Part of the beauty of the Web system is that a rudimentary site can be set up in an afternoon and allowed to grow and bear fruit for a long time thereafter. This guide is intended to be useful during all phases of a Web site's life span, from the first invocation of the C compiler to the last baroque frill on a gateway script that has grown so complex that not even its creator can figure out how it works. You probably won't need to read the whole book to accomplish what you want to do, but it is a comfort to know that it's all there when you need it. The book starts with the nitty gritty of choosingand obtaining Web server software, compiling it, installing it at the site, and configuring it to behave itself. Next there are chapters on how to get your information into Web-compatible form: how to write hypertext documents, what tools are available to convert existing text files into hypertext, and how to negotiate the alphabet soup of graphics, sound, and video standards. Security is a growing issue everywhere on the Internet, and this book devotes a chapter to that issue: both the problem of keeping the Web site secure and the task of dealing with network security measures that prevent Web software from working the way it's supposed to. Chapters on server scripts describe how to incorporate executable programs into the Web site, including such things as searchable indexes, fill-out forms, clickable maps, and gateways to other services. Finally, there is a Web style guide that tries to balance the topic of aesthetic purity with practical considerations such as performance. (A breathtakingly beautiful Web page is not much good if no one has the patience to wait for it to download.)

What this book is not is a manual for World Wide Web browsers or a listing of neat places to visit on the Web. Nor is it a guide to running all possible servers on all possible operating systems. It is unabashedly Unix oriented, and although the general principles of creating and maintaining a Web site will have relevance for Macintosh and MS-Windows sites, you'll need to supplement this book with other sources in order to get the necessary details. Within the Unix domain, however, I have tried to make the text as general as possible and have been careful to test all the examples on machines running BSD, OSF/1 and Linux dialects of Unix.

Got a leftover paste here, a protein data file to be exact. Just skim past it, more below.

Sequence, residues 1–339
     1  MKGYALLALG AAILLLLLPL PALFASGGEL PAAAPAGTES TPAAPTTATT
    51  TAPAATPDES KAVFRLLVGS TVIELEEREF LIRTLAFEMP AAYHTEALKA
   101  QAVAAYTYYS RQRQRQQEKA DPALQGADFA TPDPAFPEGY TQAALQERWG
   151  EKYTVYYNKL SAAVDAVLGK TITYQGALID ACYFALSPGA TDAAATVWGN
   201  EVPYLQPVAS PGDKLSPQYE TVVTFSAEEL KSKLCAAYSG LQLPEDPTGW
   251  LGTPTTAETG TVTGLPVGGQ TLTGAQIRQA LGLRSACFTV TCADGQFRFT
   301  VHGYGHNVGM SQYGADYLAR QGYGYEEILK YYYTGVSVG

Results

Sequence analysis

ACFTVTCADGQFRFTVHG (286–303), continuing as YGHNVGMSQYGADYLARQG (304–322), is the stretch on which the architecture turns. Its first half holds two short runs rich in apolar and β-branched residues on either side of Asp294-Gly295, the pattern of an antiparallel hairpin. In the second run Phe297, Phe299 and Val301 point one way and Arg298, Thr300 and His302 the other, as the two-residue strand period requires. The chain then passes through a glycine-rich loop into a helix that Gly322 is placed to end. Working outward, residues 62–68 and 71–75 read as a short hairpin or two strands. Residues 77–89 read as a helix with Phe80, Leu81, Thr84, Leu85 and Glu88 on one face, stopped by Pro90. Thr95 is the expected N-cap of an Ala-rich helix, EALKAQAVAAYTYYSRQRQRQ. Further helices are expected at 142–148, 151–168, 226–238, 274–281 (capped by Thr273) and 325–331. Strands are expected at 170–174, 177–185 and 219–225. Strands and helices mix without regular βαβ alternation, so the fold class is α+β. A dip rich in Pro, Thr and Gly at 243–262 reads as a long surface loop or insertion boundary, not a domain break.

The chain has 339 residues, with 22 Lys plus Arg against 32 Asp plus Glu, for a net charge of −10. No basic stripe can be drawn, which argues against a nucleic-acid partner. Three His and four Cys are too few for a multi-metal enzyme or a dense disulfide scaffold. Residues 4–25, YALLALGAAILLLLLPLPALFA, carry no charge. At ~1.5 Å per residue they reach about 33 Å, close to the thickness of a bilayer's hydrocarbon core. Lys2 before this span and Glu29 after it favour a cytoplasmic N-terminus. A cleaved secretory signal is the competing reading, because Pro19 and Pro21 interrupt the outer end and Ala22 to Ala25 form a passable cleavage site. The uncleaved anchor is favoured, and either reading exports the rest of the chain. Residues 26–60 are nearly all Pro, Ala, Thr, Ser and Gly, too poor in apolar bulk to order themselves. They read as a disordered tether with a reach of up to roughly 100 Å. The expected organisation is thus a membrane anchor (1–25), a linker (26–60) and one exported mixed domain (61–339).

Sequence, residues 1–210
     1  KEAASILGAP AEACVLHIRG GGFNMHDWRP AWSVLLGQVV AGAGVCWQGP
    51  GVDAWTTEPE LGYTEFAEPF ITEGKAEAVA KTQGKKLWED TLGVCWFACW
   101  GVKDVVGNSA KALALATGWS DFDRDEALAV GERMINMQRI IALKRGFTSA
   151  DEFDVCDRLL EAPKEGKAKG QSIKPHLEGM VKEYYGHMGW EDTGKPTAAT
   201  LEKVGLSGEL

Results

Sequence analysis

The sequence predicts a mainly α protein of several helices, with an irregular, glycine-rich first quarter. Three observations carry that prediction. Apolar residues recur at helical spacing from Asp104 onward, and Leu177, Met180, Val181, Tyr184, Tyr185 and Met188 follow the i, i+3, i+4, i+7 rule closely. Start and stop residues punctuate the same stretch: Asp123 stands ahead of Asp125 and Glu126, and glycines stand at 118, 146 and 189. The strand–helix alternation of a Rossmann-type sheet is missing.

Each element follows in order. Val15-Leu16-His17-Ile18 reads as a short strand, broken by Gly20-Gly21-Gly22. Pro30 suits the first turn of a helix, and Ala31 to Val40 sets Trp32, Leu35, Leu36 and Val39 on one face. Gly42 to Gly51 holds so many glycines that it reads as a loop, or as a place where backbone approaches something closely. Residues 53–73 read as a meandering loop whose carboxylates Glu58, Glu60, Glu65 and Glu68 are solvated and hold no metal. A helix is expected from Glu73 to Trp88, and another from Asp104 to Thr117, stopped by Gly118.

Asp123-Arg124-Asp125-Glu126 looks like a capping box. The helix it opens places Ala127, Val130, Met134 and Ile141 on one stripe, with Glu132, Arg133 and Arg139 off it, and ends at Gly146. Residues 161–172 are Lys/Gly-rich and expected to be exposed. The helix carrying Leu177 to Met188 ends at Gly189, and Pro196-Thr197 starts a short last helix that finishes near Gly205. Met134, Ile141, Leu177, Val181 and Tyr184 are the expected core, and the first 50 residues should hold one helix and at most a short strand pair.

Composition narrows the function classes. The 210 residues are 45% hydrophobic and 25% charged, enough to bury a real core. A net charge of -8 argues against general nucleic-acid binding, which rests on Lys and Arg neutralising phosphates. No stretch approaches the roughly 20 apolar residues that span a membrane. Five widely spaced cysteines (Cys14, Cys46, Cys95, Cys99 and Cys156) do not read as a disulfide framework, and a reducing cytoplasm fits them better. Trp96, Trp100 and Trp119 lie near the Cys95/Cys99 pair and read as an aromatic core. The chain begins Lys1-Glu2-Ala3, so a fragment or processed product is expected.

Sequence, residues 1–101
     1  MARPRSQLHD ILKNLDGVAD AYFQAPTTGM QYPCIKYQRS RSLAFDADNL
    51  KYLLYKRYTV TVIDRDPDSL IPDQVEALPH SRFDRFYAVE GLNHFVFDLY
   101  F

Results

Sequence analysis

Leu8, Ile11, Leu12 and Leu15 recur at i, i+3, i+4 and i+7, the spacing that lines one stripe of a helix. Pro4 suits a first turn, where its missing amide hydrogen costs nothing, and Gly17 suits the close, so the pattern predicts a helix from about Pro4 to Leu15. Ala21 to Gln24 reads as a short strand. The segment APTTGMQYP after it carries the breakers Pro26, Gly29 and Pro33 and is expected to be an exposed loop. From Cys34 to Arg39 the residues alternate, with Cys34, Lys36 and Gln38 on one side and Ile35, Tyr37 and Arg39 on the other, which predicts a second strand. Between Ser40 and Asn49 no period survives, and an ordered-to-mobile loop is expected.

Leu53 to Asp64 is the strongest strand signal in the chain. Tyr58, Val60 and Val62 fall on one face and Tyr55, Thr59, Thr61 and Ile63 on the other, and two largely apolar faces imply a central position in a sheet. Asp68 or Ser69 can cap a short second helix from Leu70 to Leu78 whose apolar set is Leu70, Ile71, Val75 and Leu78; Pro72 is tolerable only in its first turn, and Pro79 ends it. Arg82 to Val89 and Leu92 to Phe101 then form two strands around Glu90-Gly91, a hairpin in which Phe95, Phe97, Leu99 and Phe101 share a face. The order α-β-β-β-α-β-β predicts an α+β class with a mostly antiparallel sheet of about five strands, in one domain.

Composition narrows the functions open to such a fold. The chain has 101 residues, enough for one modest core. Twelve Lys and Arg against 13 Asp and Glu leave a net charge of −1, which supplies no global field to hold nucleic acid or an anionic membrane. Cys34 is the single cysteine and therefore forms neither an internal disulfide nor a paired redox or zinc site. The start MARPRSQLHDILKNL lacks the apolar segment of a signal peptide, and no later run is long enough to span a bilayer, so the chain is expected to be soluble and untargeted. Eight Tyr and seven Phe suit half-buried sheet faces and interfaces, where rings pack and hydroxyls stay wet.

I hope that you enjoy opening up a Web site as much as I have, and I look forward to seeing you on the net.

About This Book

The code examples given in this book, including the contents of configuration files, executable scripts and the source code for HTML, are given in monospaced font. A bold monospaced font is used to indicate user input, as in:

zorro % date
Sunday, January 20, 1995, 10:05:03 EST
zorro %

A monospaced font is also used for URLs, and for the names of system commands.

URLs (the ubiquitous "Uniform Resource Locators" that uniquely identify each document on the Web) are used everywhere in this book. Unfortunately print is a static medium and URLs change constantly. Some of the URLs in this book will have changed between the time it went to press and the time it appeared on bookstore shelves. Hopefully the Webmasters responsible for these changed URLs left a forwarding address telling you where the new versions can be found. If not, I can only apologize and suggest that you try to track down the new location using one of the Web's many subject guides or keyword search services. The Web resource guide at www-genome.wi.mit.edu (see next section) may also contain updated addresses.

The book refers to a large number of Web resources, including icons, tools, executable scripts, code libraries, and sundry utilities. Typically, each resource has a home site where its most recent version can be found. For convenience, I've gathered up some of the most useful tools and placed them on a single site, accessible through the URL ...